SQLServerCentral Editorial

Turn a Bad Job into a Good Experience


Years ago I had a job that, looking back on it, was

pretty miserable.  After just a short time on the job I became bored with

the work, which was not terribly challenging or interesting.  The

organization was overrun with unnecessary and inconsistent policies and

procedures, making difficult the task of actually getting things done.  A

number of key players in the leadership, while mostly well intentioned, were

neither supportive nor encouraging.  As one of only a couple of IT folks, I

wore a lot of hats and was constantly pulled in every direction, and became sort

of a jack-of-all-trades, unable to focus exclusively on a particular

discipline.  By every available yardstick, I was vastly undercompensated in

both salary and benefits. 

And I wouldn't trade a minute of that experience.

In all honesty, there were times that I wanted to run screaming

from the building, and I'll admit to occasionally and briefly wallowing

in self pity.  But in retrospect, every struggle I had at that job has

turned into a valuable career lesson for me.  Having worked for mostly

small companies up to that point, I learned the quirks of a larger bureaucratic

organization and, more importantly, how to "grease the wheels" to get things

done faster.  Because I had a wide and disparate scope of duties, I got the

opportunity to learn about subject matter to which I wouldn't have otherwise had

exposure, and the education I got in hardware, networking, programming, and

project management has stuck with me all these years.  The notoriously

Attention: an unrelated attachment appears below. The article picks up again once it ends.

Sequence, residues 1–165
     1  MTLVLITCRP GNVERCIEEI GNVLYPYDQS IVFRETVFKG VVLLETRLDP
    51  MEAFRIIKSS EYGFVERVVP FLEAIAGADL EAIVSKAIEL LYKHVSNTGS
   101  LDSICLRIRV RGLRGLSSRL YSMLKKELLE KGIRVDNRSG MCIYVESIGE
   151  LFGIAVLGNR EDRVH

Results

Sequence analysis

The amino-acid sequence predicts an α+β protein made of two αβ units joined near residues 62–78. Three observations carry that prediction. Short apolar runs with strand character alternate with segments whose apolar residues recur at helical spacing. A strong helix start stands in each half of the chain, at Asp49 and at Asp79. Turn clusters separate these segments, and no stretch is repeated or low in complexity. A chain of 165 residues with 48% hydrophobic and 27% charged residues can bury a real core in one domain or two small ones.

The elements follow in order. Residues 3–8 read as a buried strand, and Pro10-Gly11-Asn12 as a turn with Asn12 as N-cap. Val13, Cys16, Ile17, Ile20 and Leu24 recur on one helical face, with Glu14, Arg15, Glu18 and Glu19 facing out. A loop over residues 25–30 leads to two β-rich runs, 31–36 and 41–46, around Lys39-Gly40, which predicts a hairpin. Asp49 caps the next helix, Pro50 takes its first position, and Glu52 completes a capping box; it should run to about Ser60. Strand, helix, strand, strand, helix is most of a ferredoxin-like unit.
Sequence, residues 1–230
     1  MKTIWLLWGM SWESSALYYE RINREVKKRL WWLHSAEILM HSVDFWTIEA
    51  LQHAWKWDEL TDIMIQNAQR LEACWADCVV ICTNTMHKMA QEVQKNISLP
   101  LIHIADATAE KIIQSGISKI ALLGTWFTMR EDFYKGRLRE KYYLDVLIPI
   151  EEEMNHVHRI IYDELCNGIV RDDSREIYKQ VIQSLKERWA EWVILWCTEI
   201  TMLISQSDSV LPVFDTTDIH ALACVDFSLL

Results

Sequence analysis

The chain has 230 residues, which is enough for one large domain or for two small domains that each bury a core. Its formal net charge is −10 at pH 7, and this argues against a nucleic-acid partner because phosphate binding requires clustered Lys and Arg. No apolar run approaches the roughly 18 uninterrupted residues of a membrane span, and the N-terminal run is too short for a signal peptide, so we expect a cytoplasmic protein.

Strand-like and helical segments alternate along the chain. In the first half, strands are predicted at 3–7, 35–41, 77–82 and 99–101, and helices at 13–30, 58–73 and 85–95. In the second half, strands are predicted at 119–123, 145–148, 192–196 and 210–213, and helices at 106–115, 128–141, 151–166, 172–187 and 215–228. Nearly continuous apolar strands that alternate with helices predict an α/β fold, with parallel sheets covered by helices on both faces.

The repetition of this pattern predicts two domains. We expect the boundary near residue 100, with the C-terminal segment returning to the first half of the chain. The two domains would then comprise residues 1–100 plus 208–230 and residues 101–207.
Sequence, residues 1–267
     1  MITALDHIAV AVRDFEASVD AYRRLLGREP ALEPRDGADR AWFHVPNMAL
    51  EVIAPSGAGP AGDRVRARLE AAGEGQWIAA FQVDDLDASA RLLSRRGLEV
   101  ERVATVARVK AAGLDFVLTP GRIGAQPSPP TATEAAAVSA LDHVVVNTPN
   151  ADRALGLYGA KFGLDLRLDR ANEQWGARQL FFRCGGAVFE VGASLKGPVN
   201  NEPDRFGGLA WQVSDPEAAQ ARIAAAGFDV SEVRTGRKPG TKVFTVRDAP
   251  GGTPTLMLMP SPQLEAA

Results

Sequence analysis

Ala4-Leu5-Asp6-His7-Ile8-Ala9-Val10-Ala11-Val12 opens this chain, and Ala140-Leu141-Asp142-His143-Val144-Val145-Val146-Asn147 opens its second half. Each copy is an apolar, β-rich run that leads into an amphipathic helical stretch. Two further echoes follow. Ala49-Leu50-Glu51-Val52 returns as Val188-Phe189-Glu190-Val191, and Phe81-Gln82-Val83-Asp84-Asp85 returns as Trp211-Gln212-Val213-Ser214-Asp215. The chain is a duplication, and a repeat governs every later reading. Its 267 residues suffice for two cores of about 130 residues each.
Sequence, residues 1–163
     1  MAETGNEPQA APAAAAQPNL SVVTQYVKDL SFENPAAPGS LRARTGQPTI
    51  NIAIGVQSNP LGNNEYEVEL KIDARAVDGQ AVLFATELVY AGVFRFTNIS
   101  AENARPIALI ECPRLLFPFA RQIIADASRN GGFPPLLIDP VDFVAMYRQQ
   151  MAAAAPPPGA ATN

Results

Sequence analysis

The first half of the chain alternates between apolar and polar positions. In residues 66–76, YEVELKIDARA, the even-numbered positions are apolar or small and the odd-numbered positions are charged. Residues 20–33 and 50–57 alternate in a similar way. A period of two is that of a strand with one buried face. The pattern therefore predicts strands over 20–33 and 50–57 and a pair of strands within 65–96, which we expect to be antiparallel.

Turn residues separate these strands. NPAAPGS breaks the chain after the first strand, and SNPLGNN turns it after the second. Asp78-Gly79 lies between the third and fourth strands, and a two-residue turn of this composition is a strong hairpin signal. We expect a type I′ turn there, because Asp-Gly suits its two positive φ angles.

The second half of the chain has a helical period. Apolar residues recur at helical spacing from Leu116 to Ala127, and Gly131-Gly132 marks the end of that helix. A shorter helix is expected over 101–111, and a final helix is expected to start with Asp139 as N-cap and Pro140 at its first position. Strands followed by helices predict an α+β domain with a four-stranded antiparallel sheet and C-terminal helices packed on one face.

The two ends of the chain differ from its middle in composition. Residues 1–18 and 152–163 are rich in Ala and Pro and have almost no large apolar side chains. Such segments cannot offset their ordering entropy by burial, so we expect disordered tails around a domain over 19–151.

tight budget helped me to learn to get creative in terms of maximizing hardware

and software resources.  The fact that my compensation was well below

average at the time helped to motivate me to continue educating myself, and the

drive that keeps me working hard to constantly learn was fueled by this


Pick your own cliche... "Every cloud has a silver

lining", or maybe "When life hands you lemons, make

lemonade" - certainly we've all heard these ad nauseum. But the fact is

that most any bad work situation can be molded into a learning experience.  Working

for a cash-strapped company that can't afford the database monitoring software

you want?  Dig in and roll your own solution, and

improve your programming skills at the same time.  Underpaid?  Enlist for

some contract work on the side in a technical area on which you'd like to focus,

which can increase your income as well as bring the opportunity to deepen your

skills.  Your company won't pay for technical conferences?  Volunteer

to help out at the conference (or to work on administrative task during the

year, when volunteers are often scarce) in exchange for free or reduced-cost

admission, which brings a secondary benefit of raising your profile in the


To be blunt, some jobs suck.  The key to surviving

those (hopefully) brief episodes is to avoid thinking of it as career downtime -

instead, take charge and use the negatives in your favor.


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